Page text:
At my own social media technology and services company, we have been doing this for years. After all, we have hundreds of particularly digitally-savvy and innovative employees, including many creators under our roof who live and breathe our brand daily. It’s only natural we encourage them to talk about the amazing work we do with our customers, and share it via their social media networks. Not only does this help create a steady stream of positive awareness for brands, employee social media advocacy has also been proven to benefit recruiting efforts and even drive sales pipeline. And at a time of economic turbulence and a looming recession, it is an extremely cost-effective channel for marketers to add to their toolkit.
Our team has also given us feedback that our support, education and encouragement for their social media presence has helped them in their own professional development. One example of this includes building their digital presence and being able to keep up with leading technologies while on the job. In fact, this approach has proved to be so valuable to us, we’re about to release our own new AI-powered tech platform that will allow other employers to also leverage the power of social media employee advocacy.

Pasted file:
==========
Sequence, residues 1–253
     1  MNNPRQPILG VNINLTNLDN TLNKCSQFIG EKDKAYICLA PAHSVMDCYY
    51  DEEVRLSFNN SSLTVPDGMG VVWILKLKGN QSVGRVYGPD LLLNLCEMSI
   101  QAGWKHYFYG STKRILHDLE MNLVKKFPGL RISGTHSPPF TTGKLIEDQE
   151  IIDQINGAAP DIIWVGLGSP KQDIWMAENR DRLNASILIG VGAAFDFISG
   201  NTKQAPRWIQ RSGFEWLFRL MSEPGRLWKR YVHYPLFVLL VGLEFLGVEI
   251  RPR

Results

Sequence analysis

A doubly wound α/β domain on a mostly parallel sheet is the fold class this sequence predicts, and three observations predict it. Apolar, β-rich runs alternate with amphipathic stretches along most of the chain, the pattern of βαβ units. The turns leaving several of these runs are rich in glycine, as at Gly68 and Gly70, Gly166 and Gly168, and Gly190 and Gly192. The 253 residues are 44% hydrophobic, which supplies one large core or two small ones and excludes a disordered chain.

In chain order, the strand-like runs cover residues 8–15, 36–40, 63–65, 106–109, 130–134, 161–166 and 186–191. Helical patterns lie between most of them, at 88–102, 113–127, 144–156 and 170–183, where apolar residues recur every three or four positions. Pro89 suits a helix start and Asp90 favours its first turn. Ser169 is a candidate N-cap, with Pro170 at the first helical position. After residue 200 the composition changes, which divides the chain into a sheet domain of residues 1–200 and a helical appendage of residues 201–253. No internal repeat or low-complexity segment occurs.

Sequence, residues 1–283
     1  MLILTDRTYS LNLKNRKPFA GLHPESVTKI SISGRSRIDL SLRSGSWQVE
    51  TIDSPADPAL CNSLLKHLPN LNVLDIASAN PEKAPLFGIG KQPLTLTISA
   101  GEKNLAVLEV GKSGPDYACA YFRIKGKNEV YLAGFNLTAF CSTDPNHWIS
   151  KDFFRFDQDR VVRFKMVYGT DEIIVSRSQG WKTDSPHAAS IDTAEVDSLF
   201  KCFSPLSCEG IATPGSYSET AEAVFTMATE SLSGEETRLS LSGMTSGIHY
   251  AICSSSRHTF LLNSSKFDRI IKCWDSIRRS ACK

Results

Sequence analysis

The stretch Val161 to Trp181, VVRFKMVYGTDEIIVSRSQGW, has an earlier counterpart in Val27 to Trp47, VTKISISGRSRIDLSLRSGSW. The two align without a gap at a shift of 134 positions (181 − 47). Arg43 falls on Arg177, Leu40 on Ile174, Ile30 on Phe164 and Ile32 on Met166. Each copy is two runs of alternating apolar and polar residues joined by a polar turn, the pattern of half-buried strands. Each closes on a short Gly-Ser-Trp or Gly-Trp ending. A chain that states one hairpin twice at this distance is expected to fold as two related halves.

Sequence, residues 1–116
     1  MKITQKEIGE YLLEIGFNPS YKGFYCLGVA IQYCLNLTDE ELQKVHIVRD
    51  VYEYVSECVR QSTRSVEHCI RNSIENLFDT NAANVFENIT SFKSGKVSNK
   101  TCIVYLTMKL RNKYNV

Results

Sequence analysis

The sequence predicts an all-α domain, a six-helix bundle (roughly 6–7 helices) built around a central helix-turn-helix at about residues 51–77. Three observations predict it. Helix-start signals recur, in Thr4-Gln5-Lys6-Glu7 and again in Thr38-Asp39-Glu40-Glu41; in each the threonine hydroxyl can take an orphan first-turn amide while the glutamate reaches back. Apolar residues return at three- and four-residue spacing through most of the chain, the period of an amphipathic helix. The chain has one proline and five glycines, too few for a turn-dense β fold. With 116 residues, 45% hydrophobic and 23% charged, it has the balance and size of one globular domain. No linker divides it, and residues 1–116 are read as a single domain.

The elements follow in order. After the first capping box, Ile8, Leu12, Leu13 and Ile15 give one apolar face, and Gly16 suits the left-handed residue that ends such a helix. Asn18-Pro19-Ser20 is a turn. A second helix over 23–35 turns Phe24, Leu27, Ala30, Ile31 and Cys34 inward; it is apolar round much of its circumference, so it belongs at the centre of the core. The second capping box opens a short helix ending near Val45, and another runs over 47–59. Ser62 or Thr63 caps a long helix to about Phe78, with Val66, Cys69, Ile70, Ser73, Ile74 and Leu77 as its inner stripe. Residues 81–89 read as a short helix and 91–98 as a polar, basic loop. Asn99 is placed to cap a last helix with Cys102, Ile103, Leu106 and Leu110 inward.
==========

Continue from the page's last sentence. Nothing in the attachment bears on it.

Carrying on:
It’s also important to note that the benefits of social media employee advocacy are absolutely not limited to technology companies like ours. After all, what would be more authentic and effective than an electronics company’s very own engineers sharing product demos on YouTube, or its customer support team members coming together to make videos for troubleshooting the most common issues with their products?
As employers increasingly realize the benefits of employee social media advocacy, 87 percent of executives believe reputation risk is one of the biggest threats to their companies, according to Deloitte. To allay fears and mitigate risk, brands need to educate and align stakeholders and employees alike on their employee social media policies and guidelines. They can also tap into emerging technologies. While there are no universal rules, employers first and foremost must set the foundation by providing employees with company social media guidelines that are simultaneously not too restrictive and provide helpful suggestions for how they can safely and effectively talk about the company. Rather than micro-monitoring or placing heavy restrictions, brands should encourage online activity in a thoughtful way that will actually grow and increase positive brand awareness.